Colchisine comes from the poisonous colchicum plant, which was discovered by the wine-swilling Greek Pedanius Dioscoride in the first century AD when casting about for a cure for his gout. He wandered up a hill and came across the curious colchicum plant, pleasantly called “meadow saffron” at the time, and naturally he ate it, as the ancients were prone to do as there wasn't exactly fast food around. After lying prostrate in his own vomit and excrement for two days, to his delight he found that it also completely cured the pain of his gout, right before he keeled over and died of organ failure.
I think it is indicative of the priority gout gets in the medical community that nobody has seen fit to find a better remedy since the first century – maybe one that isn't poisonous. It's the Rodney Dangerfield of diseases. Gout commands so little respect that although cholchisine has been known to relieve its symptoms since 1 A.D., the FDA still hasn't gotten around to approving it in the U.S. How my doctor prescribes it is beyond me – perhaps it is because we are so close to Mexico? You don't see the high society set rushing to throw elaborate “Race for the Cure” fund raising galas for the gout. Nobody is racing for the cure – nobody is even crawling for the cure. Hell, I doubt anybody is even casually looking for the cure. It's not for lack of sufferers. Gout afflicts millions each year, the silent crippler – three out of ten men get it at some point in their lives.
I think the main reason gout doesn't get respect is because of its unfortunate name: “The gout” doesn't inspire much sympathy for its sufferers. It sounds too close to “goat”, which never conjures images of good feeling or even good smells. If it were called “razor-joint arthritis” (RJA) or perhaps named after a celebrity with the gout, “Jared Leto Syndrome” (JLS), then maybe things would start snapping. (I once met Jared Leto several years ago in Australia, and I think, from our brief contact, that he would be a fine spokesperson for our affliction, and perhaps he'll even throw out the first handful of colchisine pills at our first gala. He got gout from losing a lot of weight for a movie, probably the same reason I got it).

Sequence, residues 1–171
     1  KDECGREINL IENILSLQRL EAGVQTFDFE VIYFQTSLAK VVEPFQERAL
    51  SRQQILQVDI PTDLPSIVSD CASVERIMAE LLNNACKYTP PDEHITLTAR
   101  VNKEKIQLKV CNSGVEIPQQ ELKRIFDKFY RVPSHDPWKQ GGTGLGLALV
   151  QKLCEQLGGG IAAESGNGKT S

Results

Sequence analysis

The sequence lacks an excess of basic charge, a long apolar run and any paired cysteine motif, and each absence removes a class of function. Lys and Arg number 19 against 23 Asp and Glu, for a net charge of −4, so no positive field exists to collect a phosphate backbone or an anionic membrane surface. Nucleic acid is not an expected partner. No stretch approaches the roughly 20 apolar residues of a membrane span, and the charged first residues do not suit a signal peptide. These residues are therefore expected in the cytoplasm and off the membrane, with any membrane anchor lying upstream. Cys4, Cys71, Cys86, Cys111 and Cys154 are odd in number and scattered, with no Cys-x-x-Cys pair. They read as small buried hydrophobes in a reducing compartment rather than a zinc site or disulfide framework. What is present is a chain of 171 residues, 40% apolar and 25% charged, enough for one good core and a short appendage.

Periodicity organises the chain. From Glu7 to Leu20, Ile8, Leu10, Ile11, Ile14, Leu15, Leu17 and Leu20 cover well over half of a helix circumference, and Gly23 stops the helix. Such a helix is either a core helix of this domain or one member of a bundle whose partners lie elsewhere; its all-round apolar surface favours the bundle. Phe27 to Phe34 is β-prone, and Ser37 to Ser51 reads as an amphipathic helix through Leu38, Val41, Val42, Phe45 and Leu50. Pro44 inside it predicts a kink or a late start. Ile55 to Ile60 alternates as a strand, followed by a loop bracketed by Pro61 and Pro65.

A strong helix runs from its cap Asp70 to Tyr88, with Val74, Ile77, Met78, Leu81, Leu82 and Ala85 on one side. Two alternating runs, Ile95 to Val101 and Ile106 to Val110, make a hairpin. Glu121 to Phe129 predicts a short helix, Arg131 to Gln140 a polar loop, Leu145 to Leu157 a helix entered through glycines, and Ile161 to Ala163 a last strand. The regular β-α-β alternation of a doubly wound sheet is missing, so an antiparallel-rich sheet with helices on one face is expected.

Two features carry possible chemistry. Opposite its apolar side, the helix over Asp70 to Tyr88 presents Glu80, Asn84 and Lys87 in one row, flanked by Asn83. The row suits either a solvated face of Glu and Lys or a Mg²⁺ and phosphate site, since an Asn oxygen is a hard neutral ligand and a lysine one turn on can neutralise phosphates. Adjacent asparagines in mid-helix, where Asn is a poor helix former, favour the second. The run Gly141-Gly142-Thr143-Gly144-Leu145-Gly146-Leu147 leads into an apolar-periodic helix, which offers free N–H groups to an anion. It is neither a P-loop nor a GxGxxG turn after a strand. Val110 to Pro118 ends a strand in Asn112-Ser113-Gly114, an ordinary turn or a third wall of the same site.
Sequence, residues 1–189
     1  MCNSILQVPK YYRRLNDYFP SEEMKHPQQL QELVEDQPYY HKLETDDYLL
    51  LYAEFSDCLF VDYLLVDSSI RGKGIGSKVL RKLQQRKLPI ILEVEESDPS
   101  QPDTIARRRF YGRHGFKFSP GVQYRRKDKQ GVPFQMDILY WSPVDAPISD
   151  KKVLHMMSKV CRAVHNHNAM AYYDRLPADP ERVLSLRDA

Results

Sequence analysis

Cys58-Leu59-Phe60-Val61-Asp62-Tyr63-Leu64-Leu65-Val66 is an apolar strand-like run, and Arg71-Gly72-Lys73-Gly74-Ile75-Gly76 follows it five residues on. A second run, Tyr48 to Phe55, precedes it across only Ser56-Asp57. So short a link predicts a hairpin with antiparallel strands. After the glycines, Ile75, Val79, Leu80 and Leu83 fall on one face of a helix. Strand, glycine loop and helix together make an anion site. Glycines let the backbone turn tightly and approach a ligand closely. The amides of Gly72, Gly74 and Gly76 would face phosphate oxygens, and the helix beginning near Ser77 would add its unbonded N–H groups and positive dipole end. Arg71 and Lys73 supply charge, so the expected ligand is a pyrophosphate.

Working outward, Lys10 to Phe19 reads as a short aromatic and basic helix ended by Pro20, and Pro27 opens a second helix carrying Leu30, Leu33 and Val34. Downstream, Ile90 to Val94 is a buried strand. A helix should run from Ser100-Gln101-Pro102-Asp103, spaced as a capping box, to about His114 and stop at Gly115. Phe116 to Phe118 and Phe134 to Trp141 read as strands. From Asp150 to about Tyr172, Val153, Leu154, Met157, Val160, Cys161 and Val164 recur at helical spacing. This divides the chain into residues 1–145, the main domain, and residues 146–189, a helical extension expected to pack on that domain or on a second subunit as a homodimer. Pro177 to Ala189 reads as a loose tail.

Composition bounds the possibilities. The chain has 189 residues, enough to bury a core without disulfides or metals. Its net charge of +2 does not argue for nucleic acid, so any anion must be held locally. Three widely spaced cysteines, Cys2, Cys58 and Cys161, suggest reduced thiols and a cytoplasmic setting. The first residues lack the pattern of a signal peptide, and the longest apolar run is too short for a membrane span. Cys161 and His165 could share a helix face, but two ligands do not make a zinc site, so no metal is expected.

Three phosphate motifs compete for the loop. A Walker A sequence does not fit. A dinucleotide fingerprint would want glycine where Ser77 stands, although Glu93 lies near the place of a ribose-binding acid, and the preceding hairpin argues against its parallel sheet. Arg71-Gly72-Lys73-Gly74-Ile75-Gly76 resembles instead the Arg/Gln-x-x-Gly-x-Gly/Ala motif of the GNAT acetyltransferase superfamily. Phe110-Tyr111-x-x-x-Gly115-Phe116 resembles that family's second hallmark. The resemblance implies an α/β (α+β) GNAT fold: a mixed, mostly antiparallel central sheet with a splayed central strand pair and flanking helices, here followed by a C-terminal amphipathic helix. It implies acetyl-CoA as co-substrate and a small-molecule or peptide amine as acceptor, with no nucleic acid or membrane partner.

I believe another reason gout commands so little respect is because it is widely derided as the “rich man's disease”, because one of the causes of gout is rich foods, expensive wine, and diamonds. Okay, not diamonds. But the fact remains that, right or wrong, nobody gives a damn about rich men. The only thing that would make it worse if it were rich white men, but luckily for all of us sufferers of gout, many rich men of color also get it – it's an equal opportunity disease. I myself am decidedly not rich, but it's my luck to get the maladies of the rich without actually having the money.
So I am looking into creating some gout awareness out there. Perhaps I will have one of our high society matrons design a ribbon to wear on tuxedo lapels, bring in Jared Leto, and have a good old fashioned gout gala. We could give out canes as door prizes and raffle off a gout pig.